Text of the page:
In November three years ago I sat down to attempt the NaNoWriMo challenge of writing 50,000 words of a novel in a month. I had heard of the National Novel Writing Month before but dismissed it as a gimmick. In the event it turned out to be a surprisingly positive experience, especially for a writer like myself who has a tendency to go back over stuff until that opening chapter is absolutely perfect.

The great thing about NaNoWriMo is that it keeps you moving forwards all the time, even if like me you have no idea where your novel is heading. All I had was a character, Prudence, best friend of the subject of another novel I had written, set in 1920s England, about a woman discovering the joys of sex in her fifties. (I wrote about Claudia for Books for Women back in 2016 – At the end of the month I hadn’t quite achieved the 50,000 words but my novel, or rather my character, had taken me to all sorts of totally unexpected places, including espionage in World War I, the suffragists, the Bloomsbury set and all sorts.

But there was a problem: having set my character up as a free-thinking woman who as a result of an inattentive upbringing breezed through life without rules, boundaries, plans or purpose, I realised my novel did not have a story. That’s to stay a well-structured beginning-middle-and-ending, with an inciting incident that set off rising action to a climax and back down again to resolution; where the main character goes on a journey and ends up other than where she started. In other words, along with my protagonist, the novel itself had no purpose.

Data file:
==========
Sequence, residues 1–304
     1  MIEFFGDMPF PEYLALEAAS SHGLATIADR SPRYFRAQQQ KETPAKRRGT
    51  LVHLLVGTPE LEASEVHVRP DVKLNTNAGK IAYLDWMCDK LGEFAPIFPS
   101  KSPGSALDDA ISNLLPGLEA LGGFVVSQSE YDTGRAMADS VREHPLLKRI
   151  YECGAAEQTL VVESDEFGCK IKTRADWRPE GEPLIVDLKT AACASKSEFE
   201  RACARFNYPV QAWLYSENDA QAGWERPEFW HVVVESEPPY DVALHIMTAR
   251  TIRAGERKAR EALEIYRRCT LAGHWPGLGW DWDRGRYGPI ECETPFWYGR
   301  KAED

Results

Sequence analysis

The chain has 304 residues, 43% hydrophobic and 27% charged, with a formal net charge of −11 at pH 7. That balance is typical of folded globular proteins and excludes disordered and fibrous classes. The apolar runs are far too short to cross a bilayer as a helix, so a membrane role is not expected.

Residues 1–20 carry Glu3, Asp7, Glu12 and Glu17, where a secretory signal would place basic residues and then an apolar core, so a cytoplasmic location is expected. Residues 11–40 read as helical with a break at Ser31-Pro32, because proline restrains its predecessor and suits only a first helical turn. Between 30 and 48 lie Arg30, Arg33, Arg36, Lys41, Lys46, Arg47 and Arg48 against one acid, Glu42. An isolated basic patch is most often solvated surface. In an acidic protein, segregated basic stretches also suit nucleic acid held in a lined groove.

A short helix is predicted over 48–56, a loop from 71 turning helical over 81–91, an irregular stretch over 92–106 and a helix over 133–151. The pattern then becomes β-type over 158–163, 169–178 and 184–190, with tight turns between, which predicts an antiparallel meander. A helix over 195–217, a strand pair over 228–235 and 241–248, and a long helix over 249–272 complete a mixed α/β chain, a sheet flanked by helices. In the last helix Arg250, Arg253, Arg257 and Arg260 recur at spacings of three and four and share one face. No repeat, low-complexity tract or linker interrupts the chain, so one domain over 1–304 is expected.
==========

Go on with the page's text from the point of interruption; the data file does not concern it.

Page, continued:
I wracked my brains to come up with an Idea, but I soon realised it’s not something you can do in retrospect. That’s like being able to add the crucial ingredient to a cake after you’ve baked it. So in the end I did the only thing I could think of – I made a virtue out of what could be regarded as a drawback: I made the lack of purpose a feature of the book, I even used it in the title – The Purpose of Prudence de Vere.

If you google the word purposelessness, which I did in order to look for quotes for the book, you will find it is invariably regarded as A Bad Thing. A life or a person without purpose is not worth a pin. And yet my novel is a happy thing and my purposeless central character is – if you think of it in these terms – a model of mindfulness. She lives in the moment. She is open to surprise. She is open, period. She lives her life spontaneously, according to whim and happenstance. She is a lot happier than I am. To tell the truth I’d rather like to be like her.

Would more of us be happier if we took life as it comes? If we were not driven, often blinkered, by some purpose that we’ve invented for ourselves in order to have a reason to get up in the morning?


© Patsy Trench

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